noun (i, but usually in singular)
- (context, countable, uncountable) A pigmented keratinaceous growth that forms thin spires and grows out from a follicle on the human head, or the collection of them.
Etymology: (term, her, hÄr, lang=enm), (term, heer, lang=enm), (term, hír, lang=enm), (term, hr, lang=ang) from (proto, Germanic, haeram).A cognate of the latter seems to be Lithuanian (term, Åerys, lang=lt).From the same Germanic word come, indirectly, Old Frisian (term, hÄr, lang=ofs), Dutch (term, haar, lang=nl), German (term, Haar, lang=de), Old High German (term, hÄr, lang=goh), Icelandic (term, hír, lang=is) and Swedish (term, hír, lang=sv).
- Then read he me how Sampson lost his hairs. - Chaucer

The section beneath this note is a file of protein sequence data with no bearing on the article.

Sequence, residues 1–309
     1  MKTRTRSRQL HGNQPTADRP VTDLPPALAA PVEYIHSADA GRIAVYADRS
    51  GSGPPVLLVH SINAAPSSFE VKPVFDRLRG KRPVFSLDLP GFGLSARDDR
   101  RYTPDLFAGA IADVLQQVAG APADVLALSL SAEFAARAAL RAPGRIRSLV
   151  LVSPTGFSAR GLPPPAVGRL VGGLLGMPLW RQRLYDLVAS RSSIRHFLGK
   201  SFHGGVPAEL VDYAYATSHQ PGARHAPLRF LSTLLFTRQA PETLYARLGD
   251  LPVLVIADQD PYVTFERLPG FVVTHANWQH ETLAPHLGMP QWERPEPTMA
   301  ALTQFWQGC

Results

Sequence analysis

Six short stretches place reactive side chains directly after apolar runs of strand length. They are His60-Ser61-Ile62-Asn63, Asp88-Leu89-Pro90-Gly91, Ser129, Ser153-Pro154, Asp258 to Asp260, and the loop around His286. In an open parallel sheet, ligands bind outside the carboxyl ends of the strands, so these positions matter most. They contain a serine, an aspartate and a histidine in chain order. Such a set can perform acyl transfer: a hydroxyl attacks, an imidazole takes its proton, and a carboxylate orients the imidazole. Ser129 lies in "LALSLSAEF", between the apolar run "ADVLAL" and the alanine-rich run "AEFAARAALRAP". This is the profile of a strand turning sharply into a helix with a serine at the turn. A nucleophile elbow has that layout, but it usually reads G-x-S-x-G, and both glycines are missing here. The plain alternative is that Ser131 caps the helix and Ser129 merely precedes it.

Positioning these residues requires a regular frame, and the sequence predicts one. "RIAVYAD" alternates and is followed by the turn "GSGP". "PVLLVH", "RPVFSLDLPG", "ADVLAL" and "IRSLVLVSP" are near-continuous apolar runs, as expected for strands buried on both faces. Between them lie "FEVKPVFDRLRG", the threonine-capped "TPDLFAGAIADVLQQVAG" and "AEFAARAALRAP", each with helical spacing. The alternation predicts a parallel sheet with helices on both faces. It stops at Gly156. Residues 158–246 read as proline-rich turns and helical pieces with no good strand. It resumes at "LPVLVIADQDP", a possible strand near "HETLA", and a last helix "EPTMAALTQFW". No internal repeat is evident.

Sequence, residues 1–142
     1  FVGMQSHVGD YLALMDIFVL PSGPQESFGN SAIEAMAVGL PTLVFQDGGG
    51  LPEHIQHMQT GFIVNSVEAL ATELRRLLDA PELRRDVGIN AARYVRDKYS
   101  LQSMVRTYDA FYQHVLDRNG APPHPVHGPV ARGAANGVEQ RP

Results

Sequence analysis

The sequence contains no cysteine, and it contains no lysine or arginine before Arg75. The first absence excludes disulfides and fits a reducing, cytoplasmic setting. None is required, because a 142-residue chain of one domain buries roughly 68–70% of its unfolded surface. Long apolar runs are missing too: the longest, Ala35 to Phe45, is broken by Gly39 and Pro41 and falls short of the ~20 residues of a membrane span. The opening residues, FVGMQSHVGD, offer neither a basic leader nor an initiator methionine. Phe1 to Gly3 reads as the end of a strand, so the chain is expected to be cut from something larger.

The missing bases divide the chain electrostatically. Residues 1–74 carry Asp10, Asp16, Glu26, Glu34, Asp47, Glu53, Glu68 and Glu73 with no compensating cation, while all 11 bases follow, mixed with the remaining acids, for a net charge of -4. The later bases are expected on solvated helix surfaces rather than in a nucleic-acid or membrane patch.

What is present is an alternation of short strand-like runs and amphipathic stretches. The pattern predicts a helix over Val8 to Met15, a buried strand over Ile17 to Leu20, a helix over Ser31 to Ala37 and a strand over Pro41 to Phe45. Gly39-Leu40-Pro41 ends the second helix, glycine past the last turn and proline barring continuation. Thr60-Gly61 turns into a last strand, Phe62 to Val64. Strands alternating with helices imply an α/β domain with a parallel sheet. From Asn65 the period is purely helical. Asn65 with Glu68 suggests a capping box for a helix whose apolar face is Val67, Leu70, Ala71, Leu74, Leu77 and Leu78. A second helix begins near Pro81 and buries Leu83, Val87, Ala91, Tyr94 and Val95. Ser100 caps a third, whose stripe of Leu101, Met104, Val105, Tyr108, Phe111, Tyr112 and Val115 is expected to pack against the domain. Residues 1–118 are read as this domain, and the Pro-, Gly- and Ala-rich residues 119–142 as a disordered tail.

- And draweth new delights with hoary hairs. - Spenser
- Young man, comb your at home, not in the classroom.
- She said she couldn't go out with me Friday - she had to wash her .
- (uncountable) The collection or mass of filaments growing from the skin of humans and animals, and forming a covering for a part of the head or for any part or the whole body.
- The on a bear makes a warm fur coat.
- (context, zoology, countable) A slender outgrowth from the chitinous cuticle of insects, spiders, crustaceans, and other invertebrates. Such hairs are totally unlike those of vertebrates in structure, composition, and mode of growth.
- (context, botany, countable) A cellular outgrowth of the epidermis, consisting of one or of several cells, whether pointed, hooked, knobbed, or stellated. Internal hairs occur in the flower stalk of the yellow frog lily (Nuphar).
- (rfv-sense) (countable) A spring device used in a hair-trigger firearm.
- (obsolete) A haircloth. - Chaucer
- (countable) Any very small distance, or degree; a hairbreadth.
- Just a little louder please - turn that knob a to the right.
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Full Definition of hair